Have you ever been the victim of unjust criticism? How did it make you feel? Have you participated in carping criticism? Have you noticed that some people seem to be born in the “objective case” and “kickative mood”? They rarely see anything positive in anyone or anything. They are forever complaining about or criticizing something. They never seem satisfied. Criticism is one of Satan’s major weapons to impede progress. Criticism divides a man’s power and prevents his being a force for anything. A saying that was often repeated by people of the previous generation was that if you punch a dog in the nose long enough, he will stop wagging his tail. In other words, if you criticize a person long enough and severely enough it will eventually wear him down and discourage him from making real progress. It has the effect of knocking all the gumption and power out of a person.
The Old Testament character Nehemiah was a victim of the kind of extreme and unjust criticism about which we’re speaking. He came along at a very strategic time in the history of Israel. The Israelites were granted permission by their conquerors, the Medes and Persians, to return to their homeland in Canaan and resume their normal life. They zealously rebuilt the temple in Jerusalem, planted their crops, tended to their flocks, and built their houses. However, after 100 years, the walls of the city of Jerusalem were still in disrepair. When Nehemiah heard of this, he sat down and wept and mourned for days. He gained permission from the Medo-Persian king to return to his homeland and assist in the rebuilding of the walls. Some of the other kings in the area near Jerusalem were disturbed that these walls were being rebuilt. They tried to pull political strings to have the work program stopped. They exerted strong pressure on Nehemiah and his supporters to cease the construction. They mocked, ridiculed, and criticized the effort hoping that this would weaken their resolve. They said the wall that was being rebuilt was so weak that even if a fox jumped on it, it would break down.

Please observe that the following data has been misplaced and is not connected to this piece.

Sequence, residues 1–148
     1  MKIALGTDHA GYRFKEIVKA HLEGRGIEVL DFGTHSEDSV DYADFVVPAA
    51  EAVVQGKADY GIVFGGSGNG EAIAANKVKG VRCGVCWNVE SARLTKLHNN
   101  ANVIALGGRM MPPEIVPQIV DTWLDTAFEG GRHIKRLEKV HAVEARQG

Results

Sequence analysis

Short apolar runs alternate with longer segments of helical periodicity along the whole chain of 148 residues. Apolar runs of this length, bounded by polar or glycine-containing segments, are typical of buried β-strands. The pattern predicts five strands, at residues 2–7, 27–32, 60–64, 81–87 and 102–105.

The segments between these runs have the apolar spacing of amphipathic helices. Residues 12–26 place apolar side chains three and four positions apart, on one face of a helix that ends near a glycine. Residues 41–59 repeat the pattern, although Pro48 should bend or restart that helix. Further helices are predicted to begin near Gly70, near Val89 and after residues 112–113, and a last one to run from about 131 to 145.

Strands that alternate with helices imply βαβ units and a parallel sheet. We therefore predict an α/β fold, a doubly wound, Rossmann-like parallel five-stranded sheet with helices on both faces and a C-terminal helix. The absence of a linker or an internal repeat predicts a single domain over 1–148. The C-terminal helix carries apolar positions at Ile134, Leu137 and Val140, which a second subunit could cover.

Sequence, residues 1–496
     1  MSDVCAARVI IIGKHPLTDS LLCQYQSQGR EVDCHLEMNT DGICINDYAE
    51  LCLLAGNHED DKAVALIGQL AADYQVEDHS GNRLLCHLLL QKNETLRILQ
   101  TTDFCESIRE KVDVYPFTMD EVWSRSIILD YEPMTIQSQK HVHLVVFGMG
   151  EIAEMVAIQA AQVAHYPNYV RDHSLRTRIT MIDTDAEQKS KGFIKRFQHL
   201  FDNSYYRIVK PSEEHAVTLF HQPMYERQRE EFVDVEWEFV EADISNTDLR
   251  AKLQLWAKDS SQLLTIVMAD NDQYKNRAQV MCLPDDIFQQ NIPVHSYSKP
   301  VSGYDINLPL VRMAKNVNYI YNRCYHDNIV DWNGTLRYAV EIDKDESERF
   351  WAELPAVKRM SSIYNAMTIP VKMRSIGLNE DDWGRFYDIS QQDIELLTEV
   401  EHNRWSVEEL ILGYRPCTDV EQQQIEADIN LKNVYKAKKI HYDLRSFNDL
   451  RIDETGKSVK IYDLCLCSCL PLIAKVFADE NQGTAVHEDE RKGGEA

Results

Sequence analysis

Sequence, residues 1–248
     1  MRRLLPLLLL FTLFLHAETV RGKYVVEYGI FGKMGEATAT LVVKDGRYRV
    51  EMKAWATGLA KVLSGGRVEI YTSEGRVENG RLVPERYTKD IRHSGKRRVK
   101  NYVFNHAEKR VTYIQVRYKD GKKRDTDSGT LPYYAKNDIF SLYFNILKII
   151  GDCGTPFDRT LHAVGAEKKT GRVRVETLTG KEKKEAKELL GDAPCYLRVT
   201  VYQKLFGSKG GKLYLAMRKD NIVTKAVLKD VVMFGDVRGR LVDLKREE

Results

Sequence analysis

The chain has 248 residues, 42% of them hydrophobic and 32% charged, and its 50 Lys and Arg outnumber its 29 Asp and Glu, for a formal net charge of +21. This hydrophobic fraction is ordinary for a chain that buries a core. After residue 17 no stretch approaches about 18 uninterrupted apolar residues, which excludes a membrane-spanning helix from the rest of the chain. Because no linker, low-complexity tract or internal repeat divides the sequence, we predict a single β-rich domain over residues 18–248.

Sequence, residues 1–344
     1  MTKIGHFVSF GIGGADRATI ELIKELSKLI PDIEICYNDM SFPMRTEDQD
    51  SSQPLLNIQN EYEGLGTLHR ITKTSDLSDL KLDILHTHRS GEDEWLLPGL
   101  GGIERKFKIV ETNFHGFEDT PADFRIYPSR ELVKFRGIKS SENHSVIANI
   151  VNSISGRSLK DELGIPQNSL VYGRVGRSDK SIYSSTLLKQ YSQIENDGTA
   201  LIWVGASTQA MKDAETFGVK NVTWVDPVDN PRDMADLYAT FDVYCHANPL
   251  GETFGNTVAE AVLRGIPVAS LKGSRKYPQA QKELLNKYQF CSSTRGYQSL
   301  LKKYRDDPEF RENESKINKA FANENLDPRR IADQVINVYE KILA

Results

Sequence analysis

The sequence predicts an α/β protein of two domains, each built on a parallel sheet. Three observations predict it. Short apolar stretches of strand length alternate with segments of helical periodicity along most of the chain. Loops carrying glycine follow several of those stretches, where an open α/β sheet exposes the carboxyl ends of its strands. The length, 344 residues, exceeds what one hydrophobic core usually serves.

However, Nehemiah and the people of Israel were determined to finish the work and they did so in 52 days! For 100 years the walls were in ruin; but, under his leadership, the people successfully rebuilt them in a short time in spite of the ridicule and criticism they received.
Criticism is something that we cannot avoid entirely, even when we may be doing the right thing. In fact, sometimes people are criticized for doing the right thing by those who have no interest in righteous conduct. Abraham Lincoln’s philosophy toward criticism is revealed in these words: “If I were to try to read, much less answer, all the attacks made on me, this shop might as well be closed for any other business. I do the very best I know how, the very best I can and I mean to keep on doing so until the end. If the end brings me out all right, then what is said against me won’t matter. If the end brings me out wrong, then ten angels swearing I was right would make no difference.”
Lincoln was right. We need to rise above criticism and not allow it to prevent us from doing the right thing. Rather than being guilty of unjust criticism, we need ourselves to be as complimentary as possible. Compliments never hurt people; in fact, more people die from broken hearts than swelled heads.